But what of Christian art? After all, if you look at renaissance art, a great deal of it is inspired in some degree by Christianity. How can this be, if Jews and Christians alike understood visual art to be in violation of the Second Commandment? Well, it appears that they didn’t always understand it that way. In fact, the earliest Christian art begins as early as the 2nd century. This includes paintings of Jesus and Mary in the Roman catacombs. Why the disparity? In simple terms, the disparity is there over a disagreement about what the Second Commandment is actually saying – is it forbidding visual representation generally (regardless of intent), or idols specifically?
Repercussions of the Aniconist View
If we take “any graven image” to include representations generally, and not just representations intended to be worshipped, then the passage suddenly becomes much more restrictive, because the passage doesn’t just mention images of God. It also mentions images of what is in the heavens, and the seas, and the earth. So then, under the Aniconist view, it’s not only pictures of God that are prohibited, but pictures of birds and fish and snakes, as well. In an unexpected twist, if we are to treat the text consistently, nature photography becomes an unchristian occupation, due to a hypothetical connection to idolatry. That’s an extreme view. Does the text support it?
Interpretation of the Second Commandment
If you look at the King James Version of Exodus 20:4, it says not to make any “graven image.” But this is not what all versions translate the verse as. The NASB, for example, says “any idol.” The LEB (Lexham English Bible) says “any divine image.”
This is supported by Hebrew dictionaries looking at the word itself. פָּסִיל or “nomen” means, in almost every dictionary, “idols,” perhaps followed after by words such as “graven image.” The Brown-Driver-Briggs Hebrew-English Lexicon of the Old Testament (sometimes abbreviated BDB) defines it as “idols (of wood, of stone), stone or metal (sheathed with) silver.” This says nothing of visual representations not intended for worship. In fact, in other places where there are visual representations not intended for worship, other words are used. For example, in Daniel 2:31, when Daniel has seen a vision of a statue to represent the world kingdoms, this is not the word that is used. Instead צְלֵם, is used. BDB simply defines this as “statue.” Strong’s does include idol in the definition, but only secondarily (its entry says “image, idol.”). This word is used both here and in Daniel 3 to refer to the statue of himself that Nebuchadnezzar erected as an idol. Note that, and this is important, this is the more general word, but not the one that is used in Exodus 20:4. The word used in Exodus 20:4 is specific, not general.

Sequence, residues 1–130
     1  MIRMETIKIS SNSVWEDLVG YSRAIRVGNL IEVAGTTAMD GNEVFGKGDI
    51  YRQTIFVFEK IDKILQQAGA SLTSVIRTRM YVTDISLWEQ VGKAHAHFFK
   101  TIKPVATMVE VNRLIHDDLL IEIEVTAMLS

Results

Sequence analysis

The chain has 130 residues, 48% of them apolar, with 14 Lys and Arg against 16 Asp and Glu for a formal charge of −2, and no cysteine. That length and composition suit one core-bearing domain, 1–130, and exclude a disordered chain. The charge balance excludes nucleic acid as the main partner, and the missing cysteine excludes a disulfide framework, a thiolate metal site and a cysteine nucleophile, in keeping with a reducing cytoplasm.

Secondly, the context of Exodus 20 dictates the focus and the spirit of the command – it is so that we will not fall into idolatry. This could conceivably be a concern with certain types of art in certain eras (such as sculptures or statues, for example), but for a film? This has never been the case. There’s also the matter of a particularly direct physical representation that we know the Israelites had – images of the cherubim on the Ark of the Covenant. This is described in Exodus 25:
And you shall put into the ark the testimony that I shall give you. “You shall make a mercy seat of pure gold. Two cubits and a half shall be its length, and a cubit and a half its breadth. And you shall make two cherubim of gold; of hammered work shall you make them, on the two ends of the mercy seat. Make one cherub on the one end, and one cherub on the other end. Of one piece with the mercy seat shall you make the cherubim on its two ends.
But the cherubim, being angels, would be described as “in the heavens,” wouldn’t they? So how is it that God not only allowed, but commanded them to create these small statues of cherubim to include on the Ark of the Covenant? An understanding of this, along with an understanding of the words that are used, would indicate to us that the Second Commandment is intended to curb idolatry, not to curb artistry.
In conclusion, while certain people at certain times have taken similarly strict approaches to portrayals of the divine through art, that does not make those approaches valid. A closer study to the language, context, and spirit of the law in Exodus 20:4 reveals that to prohibit such artistic expression wholesale is not the intent of the command. There are some reasons that Christians might consider passing over The Shack. But the Second Commandment is not one of them.